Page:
Sunday, August 21, 2011

Monkey Mom

Friday morning I was woken up by a punch in the nose.

Tim leaves for work an hour before I do, to accommodate Levi's daycare schedule, and he brings Levi in to our room to nurse right before he leaves. He usually just lays him down next to me on the bed, and Friday Levi selected that exact moment to pull one of his characteristic intense stretches, and bopped me in the face.

He's also starting to be a bit more awake in the mornings - he used to fall right back asleep after eating and not wake up until I was up and ready to go and changing his diaper before we left. Now he hangs out and chats with himself/imaginary friends until I'm ready (note: "until I'm ready" is a maximum of 20 minutes, and that's on a bad day).

I've been working on my monkey-like reflexes as a mom. And by monkey, I mean holding a four-month child, and by reflexes, I mean ridiculous ways to accomplish things. Last week I was trying to bring a load of laundry downstairs. Levi would not be put down, so I picked up a load of laundry in one arm, scooped him off the bed in the other, and proceeded to walk downstairs. However, I was not carrying the laundry in a basket -- just my arm. So I kept dropping little items. Which resulted, instead of the sane method of putting the load down by the washer, and then coming back to pick up the few pieces I dropped, I reflexively picked up the items as I dropped them. At one point, I dropped the same pair of baby pants four times. Each time I picked them up and threw them back onto my arm-holding-pile area, and then would lose my grip and drop them again.

The manner in which I accomplished this intense "picking up" is that I would use one of my feet to try to scoop the item of clothing high into the air, at least to shoulder height, and then swing forward with my baby-holding-hand to try to grab it out of the air, then fling said item into the pile barely held in my other arm.

Needless to say, it took me awhile to get downstairs with the laundry. Levi was happy on my shoulder though, which makes it all worthwhile :)

We have stopped swaddling the boy. He was starting to break out of them sometimes, and I've heard pediatric experts say that around four months you should wean the swaddle because babies start being able to move around a lot more, and moving around in their crib at night is actually exercise.

However, Levi sleeps not as much without the swaddle holding him still throughout the night. It's not terrible, but he was sleeping entirely through the night (yes, other moms, you can punch me when you see me for that if you'd like), and now he wakes up at least once to eat and usually two to four other times because he's concerned and can't go back to sleep by himself. We just stop back in, rub his tummy and put his pacifier in (and wrap his right arm tight in a blanket so he doesn't try to yank it out). He still doesn't really move at all when he sleeps, stays prone on his back, appendages outstretched.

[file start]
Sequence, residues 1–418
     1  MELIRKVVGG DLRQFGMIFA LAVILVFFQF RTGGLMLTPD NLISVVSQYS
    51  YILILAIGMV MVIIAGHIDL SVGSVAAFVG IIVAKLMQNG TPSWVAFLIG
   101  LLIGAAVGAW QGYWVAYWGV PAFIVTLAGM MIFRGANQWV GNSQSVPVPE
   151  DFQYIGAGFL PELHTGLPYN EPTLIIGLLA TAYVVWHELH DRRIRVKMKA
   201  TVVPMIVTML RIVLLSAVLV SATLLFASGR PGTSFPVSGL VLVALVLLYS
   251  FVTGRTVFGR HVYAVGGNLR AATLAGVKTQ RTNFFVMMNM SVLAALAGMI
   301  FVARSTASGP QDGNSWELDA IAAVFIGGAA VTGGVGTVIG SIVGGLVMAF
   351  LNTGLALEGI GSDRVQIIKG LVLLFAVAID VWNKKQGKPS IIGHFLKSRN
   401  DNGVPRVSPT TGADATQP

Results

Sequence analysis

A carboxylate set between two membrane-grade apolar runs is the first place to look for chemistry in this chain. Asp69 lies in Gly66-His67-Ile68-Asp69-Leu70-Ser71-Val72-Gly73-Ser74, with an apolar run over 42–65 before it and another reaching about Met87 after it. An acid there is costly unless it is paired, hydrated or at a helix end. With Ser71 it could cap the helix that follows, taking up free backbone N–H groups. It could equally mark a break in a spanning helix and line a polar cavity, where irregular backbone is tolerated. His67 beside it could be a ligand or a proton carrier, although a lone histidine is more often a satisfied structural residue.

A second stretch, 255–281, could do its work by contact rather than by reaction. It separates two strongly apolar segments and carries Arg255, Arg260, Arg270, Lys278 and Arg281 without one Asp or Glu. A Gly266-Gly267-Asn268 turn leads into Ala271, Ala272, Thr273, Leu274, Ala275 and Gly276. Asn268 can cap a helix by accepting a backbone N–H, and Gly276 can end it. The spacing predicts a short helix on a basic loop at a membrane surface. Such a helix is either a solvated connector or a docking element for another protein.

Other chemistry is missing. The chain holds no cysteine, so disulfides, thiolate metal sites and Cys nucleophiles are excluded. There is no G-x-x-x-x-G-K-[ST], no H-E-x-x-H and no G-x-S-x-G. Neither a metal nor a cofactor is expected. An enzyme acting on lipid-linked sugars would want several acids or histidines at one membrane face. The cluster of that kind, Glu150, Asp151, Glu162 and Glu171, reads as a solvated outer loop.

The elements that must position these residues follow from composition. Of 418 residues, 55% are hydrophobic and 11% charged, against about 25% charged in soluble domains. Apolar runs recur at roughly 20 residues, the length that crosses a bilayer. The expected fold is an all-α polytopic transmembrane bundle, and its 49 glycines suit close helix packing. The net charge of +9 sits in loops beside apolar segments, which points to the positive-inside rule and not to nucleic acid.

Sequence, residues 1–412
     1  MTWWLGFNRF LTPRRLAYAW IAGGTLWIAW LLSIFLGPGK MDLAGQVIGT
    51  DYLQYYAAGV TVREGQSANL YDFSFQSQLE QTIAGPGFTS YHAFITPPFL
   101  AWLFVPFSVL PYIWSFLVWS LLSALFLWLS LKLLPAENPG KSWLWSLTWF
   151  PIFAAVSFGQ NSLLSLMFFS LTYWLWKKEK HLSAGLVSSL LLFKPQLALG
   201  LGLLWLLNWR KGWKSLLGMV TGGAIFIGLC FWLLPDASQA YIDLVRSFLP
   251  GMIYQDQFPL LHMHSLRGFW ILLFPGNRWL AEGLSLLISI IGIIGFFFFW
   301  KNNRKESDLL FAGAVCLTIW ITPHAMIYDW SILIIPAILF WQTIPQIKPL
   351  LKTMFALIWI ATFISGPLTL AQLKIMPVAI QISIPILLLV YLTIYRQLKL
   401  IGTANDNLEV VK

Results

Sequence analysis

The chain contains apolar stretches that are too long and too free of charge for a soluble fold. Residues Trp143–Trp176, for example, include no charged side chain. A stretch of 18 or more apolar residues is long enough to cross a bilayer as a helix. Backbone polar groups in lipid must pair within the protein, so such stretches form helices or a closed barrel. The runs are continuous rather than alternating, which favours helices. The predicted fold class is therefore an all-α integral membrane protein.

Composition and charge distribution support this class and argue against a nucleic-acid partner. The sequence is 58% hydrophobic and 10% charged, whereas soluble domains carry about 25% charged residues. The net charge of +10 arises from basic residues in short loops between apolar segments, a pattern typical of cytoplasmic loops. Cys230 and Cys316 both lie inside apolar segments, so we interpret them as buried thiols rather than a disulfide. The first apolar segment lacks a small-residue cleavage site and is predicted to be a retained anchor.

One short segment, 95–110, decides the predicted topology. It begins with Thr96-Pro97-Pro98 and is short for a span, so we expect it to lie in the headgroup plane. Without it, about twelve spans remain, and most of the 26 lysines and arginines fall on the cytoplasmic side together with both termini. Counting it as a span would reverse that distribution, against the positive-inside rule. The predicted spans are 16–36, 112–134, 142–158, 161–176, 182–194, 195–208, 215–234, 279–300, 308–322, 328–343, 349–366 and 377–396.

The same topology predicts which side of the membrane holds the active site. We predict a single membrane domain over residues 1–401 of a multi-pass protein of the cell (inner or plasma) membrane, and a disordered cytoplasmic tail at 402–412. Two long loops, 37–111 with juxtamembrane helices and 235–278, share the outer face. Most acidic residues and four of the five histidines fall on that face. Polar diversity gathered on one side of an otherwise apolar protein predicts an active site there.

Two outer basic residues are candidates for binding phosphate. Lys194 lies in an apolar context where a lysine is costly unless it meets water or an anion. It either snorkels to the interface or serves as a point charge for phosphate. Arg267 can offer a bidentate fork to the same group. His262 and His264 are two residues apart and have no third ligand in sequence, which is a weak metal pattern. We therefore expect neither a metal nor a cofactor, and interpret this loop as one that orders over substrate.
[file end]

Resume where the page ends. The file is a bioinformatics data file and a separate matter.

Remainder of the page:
Levi is getting better at holding his pacifier in by himself, however, he is also getting better at holding onto it with his hands. He loves to grab stuff - his clothes, my clothes, things laying nearby, and so on, and his paci is a fun object to hold. However, he doesn't seem to equate that when he grabs the paci when it's in his mouth and moves his arm, that the part inside his mouth is inextricably connected to the part outside of his mouth, and if you yank on one, the other moves as well. so he doesn't want to let it go from his waving-about hand but he also wants it back in his mouth. Brilliant, this one. He'll probably figure it out the week before we wean him from the paci entirely (yes, we'll be removing the soother from his existence in about another five months. I have a soapbox about toddlers and older children with pacifiers).

We're also working on introducing the Bumbo. Levi likes to stand, but hates to sit. His legs are super strong, he can pretty much hold his weight up by himself, but he has no core control when he's sitting at all. So we try to practice with the bumbo, however, Levi has been surrounded by very soft fabrics his whole life, and the plastic feel of the bumbo upsets him. Plush is what this guy needs, apparently. 

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